After many years in the making, David is the king of both Israel and Judah. The land has finally been united. All of his enemies have been laid to waste as treasure fills the coffers and horses and land are held in abundance, but David is not content. He’s distraught over the Ark of the Covenant. The ark has been kept in tents as David rests in his palace. He turns to the prophet, Nathan, to say, “See now, I dwell in an house of cedar, but the ark of God dwelleth within curtains.” Priorities are about to shift in Israel as David and the people stand ready to adjust their lives so that God can have a place to dwell.
Please don’t misunderstand; God does not need a physical house to exist. The Bible says that He does not dwell in temples made with hands. Solomon will come to recognize that no place can hold him—not even the heavens and galaxies above. Yet David is looking at the pursuit of the human experience as it dismisses the need for God. He sees fleshly ambition while the ark takes a backseat to Israel’s desires.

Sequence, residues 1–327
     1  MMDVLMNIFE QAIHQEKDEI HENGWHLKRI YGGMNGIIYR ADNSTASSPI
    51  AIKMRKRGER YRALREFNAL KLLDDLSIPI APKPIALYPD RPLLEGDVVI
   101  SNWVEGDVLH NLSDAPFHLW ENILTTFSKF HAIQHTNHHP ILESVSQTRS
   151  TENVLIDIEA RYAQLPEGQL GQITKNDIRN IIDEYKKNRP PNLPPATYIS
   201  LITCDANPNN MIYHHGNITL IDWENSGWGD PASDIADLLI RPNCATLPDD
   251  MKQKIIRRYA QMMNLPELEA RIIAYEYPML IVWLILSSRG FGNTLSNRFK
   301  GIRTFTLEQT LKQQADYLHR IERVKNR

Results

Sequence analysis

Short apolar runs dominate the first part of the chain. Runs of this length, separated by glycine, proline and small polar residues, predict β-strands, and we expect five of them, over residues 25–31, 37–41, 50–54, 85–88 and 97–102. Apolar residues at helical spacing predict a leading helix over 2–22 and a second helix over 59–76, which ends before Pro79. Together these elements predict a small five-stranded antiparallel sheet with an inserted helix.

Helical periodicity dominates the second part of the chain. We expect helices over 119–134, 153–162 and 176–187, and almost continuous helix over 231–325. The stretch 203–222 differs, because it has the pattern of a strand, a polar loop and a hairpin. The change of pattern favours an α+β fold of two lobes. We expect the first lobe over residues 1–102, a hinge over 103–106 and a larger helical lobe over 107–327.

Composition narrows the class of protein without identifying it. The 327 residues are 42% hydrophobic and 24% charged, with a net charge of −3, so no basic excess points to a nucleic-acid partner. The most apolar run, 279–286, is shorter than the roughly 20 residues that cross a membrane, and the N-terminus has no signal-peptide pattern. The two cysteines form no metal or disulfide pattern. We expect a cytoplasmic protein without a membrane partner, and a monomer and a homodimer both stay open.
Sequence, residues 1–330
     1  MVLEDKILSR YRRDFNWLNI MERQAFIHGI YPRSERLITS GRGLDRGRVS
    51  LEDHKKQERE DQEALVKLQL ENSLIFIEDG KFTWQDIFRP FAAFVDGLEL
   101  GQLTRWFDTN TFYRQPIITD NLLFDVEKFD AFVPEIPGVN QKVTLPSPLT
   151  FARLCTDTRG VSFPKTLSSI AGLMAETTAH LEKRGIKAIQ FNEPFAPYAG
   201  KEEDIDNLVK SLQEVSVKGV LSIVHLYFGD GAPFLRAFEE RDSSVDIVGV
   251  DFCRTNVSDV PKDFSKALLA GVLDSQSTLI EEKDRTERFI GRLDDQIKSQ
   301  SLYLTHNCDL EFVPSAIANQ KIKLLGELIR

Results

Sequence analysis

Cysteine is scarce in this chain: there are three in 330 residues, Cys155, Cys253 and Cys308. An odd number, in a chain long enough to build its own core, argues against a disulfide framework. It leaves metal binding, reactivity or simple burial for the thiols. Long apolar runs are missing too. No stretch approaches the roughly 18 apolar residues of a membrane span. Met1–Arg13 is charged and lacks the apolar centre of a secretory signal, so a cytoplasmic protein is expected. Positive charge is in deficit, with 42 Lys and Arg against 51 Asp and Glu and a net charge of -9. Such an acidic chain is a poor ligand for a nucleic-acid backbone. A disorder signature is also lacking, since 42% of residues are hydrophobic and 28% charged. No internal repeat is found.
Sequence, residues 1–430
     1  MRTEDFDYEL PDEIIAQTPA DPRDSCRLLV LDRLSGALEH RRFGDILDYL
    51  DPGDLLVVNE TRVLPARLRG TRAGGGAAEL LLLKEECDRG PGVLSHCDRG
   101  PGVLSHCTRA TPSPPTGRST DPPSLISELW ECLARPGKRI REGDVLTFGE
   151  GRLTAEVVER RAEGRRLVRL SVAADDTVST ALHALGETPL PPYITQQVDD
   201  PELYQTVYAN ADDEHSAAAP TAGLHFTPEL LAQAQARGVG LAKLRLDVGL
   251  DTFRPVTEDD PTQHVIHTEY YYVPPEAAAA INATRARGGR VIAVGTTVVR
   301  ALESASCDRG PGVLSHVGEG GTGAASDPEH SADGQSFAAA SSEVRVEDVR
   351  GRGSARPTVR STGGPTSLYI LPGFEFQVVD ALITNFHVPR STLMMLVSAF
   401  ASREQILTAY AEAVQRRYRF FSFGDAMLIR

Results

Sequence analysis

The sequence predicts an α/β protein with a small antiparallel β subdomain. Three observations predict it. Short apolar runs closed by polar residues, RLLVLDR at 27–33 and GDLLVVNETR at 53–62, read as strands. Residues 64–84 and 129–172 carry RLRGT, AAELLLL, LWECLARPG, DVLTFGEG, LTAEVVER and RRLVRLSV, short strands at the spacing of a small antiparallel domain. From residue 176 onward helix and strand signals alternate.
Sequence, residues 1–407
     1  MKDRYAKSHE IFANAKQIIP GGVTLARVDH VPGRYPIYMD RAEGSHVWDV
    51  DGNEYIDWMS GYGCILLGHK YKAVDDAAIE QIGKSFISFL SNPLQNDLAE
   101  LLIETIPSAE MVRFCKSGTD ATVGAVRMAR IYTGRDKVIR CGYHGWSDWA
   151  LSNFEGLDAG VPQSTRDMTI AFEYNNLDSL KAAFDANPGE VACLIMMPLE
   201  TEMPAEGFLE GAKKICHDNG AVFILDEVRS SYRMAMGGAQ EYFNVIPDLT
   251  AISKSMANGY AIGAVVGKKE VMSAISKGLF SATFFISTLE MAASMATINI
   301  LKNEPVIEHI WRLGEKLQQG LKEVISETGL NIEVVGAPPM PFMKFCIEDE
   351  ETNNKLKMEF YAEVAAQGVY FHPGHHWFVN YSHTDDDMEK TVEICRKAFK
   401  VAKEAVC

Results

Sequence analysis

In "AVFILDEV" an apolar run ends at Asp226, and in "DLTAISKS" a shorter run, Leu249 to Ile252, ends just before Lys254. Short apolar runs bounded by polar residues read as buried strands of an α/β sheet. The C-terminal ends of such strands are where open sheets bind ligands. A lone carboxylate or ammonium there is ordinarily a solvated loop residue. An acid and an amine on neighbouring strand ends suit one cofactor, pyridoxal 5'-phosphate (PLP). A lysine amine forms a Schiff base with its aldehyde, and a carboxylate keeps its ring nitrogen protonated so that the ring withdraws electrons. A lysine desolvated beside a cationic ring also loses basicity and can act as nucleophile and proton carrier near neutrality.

I wonder if we fit into this narrative. Our lives are filled up with places occupied by things. Our attics are filled with stuff; homes, garages, and barns overflow with boxes, but where does God dwell? Our schedules are consumed with forgettable moments and the busyness of life, but is there room enough for the Savior? Does God have a place in our daytime activities? Are we negotiating with Sunday worship in lieu of other events? The great concern is not that the Lord is completely missing, but that He is vying for time and space… that He is competing for our attention. My hope is for us to return to daily Bible reading and prayer, and that we might push some “stuff” aside and find God. Surely He should have preeminence over our houses of cedar. We must return Him to His right place in our lives.
Pastor Jeffrey Harpole